Fowler just wrapped up his 30th major start as a pro. Sergio Garcia’s win at the Masters shows that a true talent can never be counted out, but perhaps a more apt comparison would be Phil Mickelson.

Lefty won his first in his 43rd major start as a pro, but by the time he drove down Magnolia Lane in 2004 the pressure to get across the finish line was stifling. That first win predictably led to two more over the next eight majors, and Mickelson was off and running.

Given a clean bill of health, Fowler will make his 43rd professional major start at the 2021 Masters. By then he’ll be 32 years old, and it certainly feels like he’ll have at least one major trophy to his name.

But what if he goes 0-for next year, or the year after? What if he heads into a new decade still answering the same questions and living vicariously through the success of his friends and peers?

The math cuts both ways. The odds are in Fowler’s favor that he will win a major over any extended period of time, but the odds will always be against him in a single given week. The pressure to buck the latter half of that proposition mounts with each close call, especially after a year in which he had realistic chances in three of the four majors but came up empty.

Questions about Fowler’s ability to win on a big stage were answered emphatically with his electrifying close at the 2015 Players Championship. He displayed it again Sunday, when he torched the back nine at Quail Hollow with four birdies in a row to race up the leaderboard, only to find the hole he had dug during the third round was too big to overcome.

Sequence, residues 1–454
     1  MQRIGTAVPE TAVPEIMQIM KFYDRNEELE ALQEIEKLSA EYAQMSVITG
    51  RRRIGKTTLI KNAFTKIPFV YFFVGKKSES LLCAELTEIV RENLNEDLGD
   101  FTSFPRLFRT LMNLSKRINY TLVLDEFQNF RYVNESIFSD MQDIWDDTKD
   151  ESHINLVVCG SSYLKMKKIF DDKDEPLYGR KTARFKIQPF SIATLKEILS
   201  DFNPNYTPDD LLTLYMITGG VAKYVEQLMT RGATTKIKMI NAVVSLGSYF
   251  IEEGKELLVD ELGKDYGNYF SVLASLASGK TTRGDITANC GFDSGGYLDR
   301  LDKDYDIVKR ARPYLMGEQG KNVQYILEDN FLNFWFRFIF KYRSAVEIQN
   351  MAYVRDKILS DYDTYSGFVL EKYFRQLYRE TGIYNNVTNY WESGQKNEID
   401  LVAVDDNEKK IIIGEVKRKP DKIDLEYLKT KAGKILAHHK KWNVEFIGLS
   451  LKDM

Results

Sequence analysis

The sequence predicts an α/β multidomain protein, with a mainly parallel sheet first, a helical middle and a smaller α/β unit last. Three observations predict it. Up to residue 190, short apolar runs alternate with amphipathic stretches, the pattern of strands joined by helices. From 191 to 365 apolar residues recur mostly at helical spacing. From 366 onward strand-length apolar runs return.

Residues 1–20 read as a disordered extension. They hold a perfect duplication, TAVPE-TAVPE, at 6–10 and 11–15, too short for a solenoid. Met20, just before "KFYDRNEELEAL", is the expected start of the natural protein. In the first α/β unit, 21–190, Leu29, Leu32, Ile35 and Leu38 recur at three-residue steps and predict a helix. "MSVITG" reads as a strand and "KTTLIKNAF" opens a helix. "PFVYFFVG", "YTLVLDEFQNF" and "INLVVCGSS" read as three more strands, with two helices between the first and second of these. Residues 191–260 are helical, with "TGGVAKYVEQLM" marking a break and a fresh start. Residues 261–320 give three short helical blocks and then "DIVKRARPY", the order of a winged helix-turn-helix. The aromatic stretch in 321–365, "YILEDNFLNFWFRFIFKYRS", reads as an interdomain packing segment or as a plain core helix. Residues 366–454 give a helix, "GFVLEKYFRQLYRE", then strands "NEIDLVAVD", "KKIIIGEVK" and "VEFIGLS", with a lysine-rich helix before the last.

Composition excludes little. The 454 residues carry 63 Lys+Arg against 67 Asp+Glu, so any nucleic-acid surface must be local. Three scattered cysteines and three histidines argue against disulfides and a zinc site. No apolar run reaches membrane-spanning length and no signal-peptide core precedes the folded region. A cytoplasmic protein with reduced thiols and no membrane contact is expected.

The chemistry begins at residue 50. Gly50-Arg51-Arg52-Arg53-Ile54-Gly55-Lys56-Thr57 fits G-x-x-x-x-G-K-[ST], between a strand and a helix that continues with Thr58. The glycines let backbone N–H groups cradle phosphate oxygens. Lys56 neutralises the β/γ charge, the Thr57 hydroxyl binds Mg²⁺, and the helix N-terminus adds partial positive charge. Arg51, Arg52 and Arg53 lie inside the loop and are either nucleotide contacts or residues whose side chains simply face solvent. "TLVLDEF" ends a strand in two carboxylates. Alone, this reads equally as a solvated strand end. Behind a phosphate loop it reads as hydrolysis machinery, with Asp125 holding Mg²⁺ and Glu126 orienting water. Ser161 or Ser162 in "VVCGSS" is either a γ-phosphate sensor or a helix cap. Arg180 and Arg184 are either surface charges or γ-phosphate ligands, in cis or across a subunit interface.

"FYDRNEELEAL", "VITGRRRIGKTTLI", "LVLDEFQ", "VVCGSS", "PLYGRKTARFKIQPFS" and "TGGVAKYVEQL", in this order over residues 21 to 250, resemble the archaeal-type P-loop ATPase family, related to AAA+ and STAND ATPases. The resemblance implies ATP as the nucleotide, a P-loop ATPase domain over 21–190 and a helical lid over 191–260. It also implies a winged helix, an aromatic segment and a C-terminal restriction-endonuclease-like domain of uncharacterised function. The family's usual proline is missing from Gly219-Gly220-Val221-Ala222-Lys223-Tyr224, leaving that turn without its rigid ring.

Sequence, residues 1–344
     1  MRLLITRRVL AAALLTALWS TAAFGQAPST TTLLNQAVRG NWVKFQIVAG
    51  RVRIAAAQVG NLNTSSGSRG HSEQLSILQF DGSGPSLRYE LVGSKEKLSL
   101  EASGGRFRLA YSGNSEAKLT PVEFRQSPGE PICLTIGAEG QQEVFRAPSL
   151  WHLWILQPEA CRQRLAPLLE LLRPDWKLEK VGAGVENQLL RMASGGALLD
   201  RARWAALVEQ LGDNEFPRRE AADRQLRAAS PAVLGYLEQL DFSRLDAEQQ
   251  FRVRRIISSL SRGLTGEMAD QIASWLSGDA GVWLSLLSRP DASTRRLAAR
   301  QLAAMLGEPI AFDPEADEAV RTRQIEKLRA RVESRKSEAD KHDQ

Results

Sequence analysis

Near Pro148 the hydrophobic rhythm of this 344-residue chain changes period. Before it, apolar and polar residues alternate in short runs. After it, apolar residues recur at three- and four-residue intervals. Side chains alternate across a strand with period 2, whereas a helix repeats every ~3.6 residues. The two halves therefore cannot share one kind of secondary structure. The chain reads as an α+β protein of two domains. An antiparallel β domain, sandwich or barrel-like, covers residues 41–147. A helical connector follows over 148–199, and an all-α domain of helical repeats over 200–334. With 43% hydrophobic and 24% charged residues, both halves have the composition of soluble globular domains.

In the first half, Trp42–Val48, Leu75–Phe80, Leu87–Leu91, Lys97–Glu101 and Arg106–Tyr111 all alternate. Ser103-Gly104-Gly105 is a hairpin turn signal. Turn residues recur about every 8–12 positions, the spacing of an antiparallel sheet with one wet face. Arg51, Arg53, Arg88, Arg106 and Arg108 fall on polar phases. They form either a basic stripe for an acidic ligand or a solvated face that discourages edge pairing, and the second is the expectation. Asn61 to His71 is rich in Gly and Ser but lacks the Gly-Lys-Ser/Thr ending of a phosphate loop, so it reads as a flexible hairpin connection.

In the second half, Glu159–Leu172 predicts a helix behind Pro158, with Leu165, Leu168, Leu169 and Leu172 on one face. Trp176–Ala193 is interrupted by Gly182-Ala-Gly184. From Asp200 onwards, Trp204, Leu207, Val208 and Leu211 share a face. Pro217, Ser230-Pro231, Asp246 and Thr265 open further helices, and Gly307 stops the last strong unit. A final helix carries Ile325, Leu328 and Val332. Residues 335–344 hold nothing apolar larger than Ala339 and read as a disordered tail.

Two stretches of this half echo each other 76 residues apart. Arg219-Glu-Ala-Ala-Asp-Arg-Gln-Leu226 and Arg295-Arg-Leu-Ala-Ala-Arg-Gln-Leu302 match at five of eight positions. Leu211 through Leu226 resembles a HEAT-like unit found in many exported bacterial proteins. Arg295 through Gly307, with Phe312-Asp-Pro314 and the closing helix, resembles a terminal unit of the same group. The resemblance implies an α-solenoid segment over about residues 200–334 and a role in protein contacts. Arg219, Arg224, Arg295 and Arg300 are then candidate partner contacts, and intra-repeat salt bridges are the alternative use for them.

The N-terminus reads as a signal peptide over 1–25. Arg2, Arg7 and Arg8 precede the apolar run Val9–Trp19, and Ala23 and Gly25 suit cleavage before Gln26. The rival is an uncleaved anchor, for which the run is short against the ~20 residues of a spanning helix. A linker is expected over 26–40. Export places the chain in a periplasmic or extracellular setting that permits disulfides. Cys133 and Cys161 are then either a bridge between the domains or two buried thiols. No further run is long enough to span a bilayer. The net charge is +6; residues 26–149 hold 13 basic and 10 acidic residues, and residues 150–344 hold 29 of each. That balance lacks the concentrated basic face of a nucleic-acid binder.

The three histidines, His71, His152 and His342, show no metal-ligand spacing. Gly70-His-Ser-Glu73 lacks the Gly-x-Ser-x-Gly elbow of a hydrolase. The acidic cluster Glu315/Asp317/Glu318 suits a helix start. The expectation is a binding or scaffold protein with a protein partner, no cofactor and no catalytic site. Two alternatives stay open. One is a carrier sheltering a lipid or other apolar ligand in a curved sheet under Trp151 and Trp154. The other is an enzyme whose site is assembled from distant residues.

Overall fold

“Fowler has what it takes,” Ben Crane tweeted as the engraver began carving “Thomas” onto the Wanamaker. “Won’t be this one, but he’s gonna close out a major someday. 32 on the back in contention is what champions do.”

The damage inflicted by his three-hole stumble to close out the third round proved costly. Fowler chalked up those errors to unusually poor putts during a good putting week and a wind shift at the wrong time, just as he lamented that he simply didn’t convert chances during the final round at Erin Hills that might have helped him keep pace with Brooks Koepka.

After a final-round 76 at the Masters, he described a short game that “went sideways” on him at a critical juncture.

They’re all rational explanations, and they speak to how difficult it is to put every facet together when the lights are shining the brightest. But they also serve to ratchet up the pressure that Fowler will face the next time he works his way within arm’s reach of the trophy.

On Sunday at the PGA, Fowler was happy for his friend. When it’s his turn to hole the final putt on the 72nd green, the receiving line could stretch for miles.

But he won’t have a chance to see that play out for at least another eight months, and the questions could very well linger longer than that. If they do, the pressure to finally be the man in the middle of the celebration will only intensify.

Newsmaker of the Year: No. 5, Sergio Garcia

By Golf Channel DigitalDecember 12, 2017, 1:00 pm

This was the year it finally happened for Sergio Garcia.